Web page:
Yesterday Tory leader David Cameron ditched the doable, credible, deliverable referendum on UK membership in the European Union, the undoable referendum on the Lisbon Treaty, as well as the plebiscites he described as made-up and phoney.
If the Conservative Party forms the next government, it will be introduce national legislation to prevent the emergence of a democratic European Union. The government will initiate negotiations to repatriate EU powers, real or imaginary, to Britain. The government is in no haste, asking to be judged at the end of the next parliamentary term, i.e. five years.
After David Cameron’s speech, the anti-EU crowd has no hope of withdrawal through the Conservative Party. The United Kingdom has no intention of leaving the European Union, and Cameron has left the secessionists simmering on the back burner.
The member states and the citizens of the European Union are saddled with the prospects of continued British membership.
Let us take a look at reports and reactions in the British press.
Nicolas Watt in The Guardian offers a summary of Cameron’s main points, in David Cameron ditches referendum and backs away from EU ‘bust-up’ (4 November 2009).
The Sun sports a letter by Cameron, where he explains his policy shift with pompous phrases on sovereign and independent nation.
In Mail Online, Edward Heathcoat Amory asks, Concessions? How can Cameron possibly win any at all? (5 November 2009). He sees the risk of a series of rows, in Brussels and in Westminster, running arguments over the EU throughout the next Parliament.
Cameron defies Eurosceptics by backing down from EU confrontation, say Francis Elliott and David Charter in Times Online (5 November 2009). They note that Cameron seems to have averted a backbench revolt.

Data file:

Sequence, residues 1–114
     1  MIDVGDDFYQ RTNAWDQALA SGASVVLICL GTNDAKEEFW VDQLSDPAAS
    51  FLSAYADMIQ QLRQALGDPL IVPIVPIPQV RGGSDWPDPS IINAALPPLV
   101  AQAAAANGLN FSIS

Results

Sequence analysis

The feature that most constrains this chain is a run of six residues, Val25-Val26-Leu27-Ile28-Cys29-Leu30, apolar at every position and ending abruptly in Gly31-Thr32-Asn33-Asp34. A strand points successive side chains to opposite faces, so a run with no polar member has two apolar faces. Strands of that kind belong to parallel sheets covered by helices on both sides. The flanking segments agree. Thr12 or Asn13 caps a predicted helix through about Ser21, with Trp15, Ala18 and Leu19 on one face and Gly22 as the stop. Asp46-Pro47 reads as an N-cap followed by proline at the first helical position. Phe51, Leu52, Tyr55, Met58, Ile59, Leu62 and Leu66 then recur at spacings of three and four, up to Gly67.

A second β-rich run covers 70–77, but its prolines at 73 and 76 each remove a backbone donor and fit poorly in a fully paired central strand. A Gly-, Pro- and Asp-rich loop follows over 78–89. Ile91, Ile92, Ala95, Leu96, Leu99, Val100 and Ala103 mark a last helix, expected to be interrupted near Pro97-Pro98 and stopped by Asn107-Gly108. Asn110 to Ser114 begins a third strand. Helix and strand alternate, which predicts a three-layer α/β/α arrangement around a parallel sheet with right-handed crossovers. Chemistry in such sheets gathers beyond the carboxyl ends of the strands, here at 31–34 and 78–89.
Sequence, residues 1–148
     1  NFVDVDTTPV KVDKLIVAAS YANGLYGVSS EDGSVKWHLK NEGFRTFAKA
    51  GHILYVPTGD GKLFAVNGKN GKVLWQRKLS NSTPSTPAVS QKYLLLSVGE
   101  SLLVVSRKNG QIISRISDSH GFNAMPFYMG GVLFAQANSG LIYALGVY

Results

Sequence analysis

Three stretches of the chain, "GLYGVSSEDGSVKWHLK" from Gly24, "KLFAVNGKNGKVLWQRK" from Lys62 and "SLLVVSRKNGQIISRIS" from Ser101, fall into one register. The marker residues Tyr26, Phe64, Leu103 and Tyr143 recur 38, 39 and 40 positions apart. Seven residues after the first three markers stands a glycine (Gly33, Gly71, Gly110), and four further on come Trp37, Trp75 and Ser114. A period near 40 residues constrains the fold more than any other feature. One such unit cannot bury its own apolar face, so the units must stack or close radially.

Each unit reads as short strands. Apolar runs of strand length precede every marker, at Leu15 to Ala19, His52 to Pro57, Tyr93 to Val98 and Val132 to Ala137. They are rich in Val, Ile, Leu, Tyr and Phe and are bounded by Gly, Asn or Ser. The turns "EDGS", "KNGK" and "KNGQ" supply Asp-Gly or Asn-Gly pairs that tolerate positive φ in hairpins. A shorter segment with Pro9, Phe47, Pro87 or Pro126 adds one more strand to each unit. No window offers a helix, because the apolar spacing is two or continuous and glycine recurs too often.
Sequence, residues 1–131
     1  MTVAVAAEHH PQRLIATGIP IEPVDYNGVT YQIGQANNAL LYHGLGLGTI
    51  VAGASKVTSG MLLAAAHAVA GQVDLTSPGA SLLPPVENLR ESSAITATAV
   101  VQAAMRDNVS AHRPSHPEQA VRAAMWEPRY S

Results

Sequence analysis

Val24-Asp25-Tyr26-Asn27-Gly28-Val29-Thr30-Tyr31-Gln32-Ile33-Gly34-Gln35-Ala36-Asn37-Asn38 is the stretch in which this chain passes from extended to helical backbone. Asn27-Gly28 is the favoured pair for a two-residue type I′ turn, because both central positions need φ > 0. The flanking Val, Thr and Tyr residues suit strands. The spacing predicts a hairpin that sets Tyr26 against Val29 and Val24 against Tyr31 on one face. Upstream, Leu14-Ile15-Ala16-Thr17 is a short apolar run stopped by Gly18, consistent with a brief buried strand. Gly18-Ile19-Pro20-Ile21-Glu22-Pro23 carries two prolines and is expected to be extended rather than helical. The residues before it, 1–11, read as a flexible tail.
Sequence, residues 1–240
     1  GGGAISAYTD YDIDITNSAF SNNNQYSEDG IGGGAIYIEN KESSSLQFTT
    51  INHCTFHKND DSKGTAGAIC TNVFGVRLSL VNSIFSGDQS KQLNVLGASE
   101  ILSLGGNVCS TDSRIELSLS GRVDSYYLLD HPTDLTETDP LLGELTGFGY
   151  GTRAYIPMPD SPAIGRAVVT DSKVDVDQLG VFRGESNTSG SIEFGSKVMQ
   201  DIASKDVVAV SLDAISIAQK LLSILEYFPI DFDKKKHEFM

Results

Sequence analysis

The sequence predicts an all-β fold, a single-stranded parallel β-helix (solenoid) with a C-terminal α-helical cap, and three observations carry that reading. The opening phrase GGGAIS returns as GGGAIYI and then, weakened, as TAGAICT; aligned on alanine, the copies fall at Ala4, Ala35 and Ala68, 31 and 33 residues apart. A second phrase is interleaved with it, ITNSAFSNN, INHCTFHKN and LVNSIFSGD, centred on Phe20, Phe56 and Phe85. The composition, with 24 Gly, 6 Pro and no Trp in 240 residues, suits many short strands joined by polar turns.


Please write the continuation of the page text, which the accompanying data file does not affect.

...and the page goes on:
In the Financial Times, Jean Eaglesham concluded that David Cameron successfully faced down hardline Tory Eurosceptics yesterday, setting out a very limited programme of European reform without provoking a significant backlash from his party.
On the contrary, in The Mirror, Jason Beattie sees that the Tories were plunged into turmoil yesterday over David Cameron’s new policies on Europe; in Flustered Cam’s new EU pledge (5 November 2009).
Patrick Wintour reports in The Guardian that Daniel Hannan quits as Tory spokesman over Cameron’s U-turn (5 November 2009).
Letters to The Telegraph reveal that many readers want a referendum on Britain’s relationship with Europe; under the headline No referendum on the Lisbon Treaty is possible, but the people demand a vote on rule from Brussels (5 November 2009).
The Independent’s leading article Fork-tongued Tories (5 November 2009) says that Cameron risks taking his party’s corrosive division over Europe into government – not just through the next Parliament, but beyond.
Cameron must have calculated that a 20-point lead in the polls is enough to win the general election, despite the improved prospects for UKIP and the BNP.
Some of the promises can be enacted domestically and the ones requiring unanimous EU agreement can drag on for five years of “patient” negotiations.
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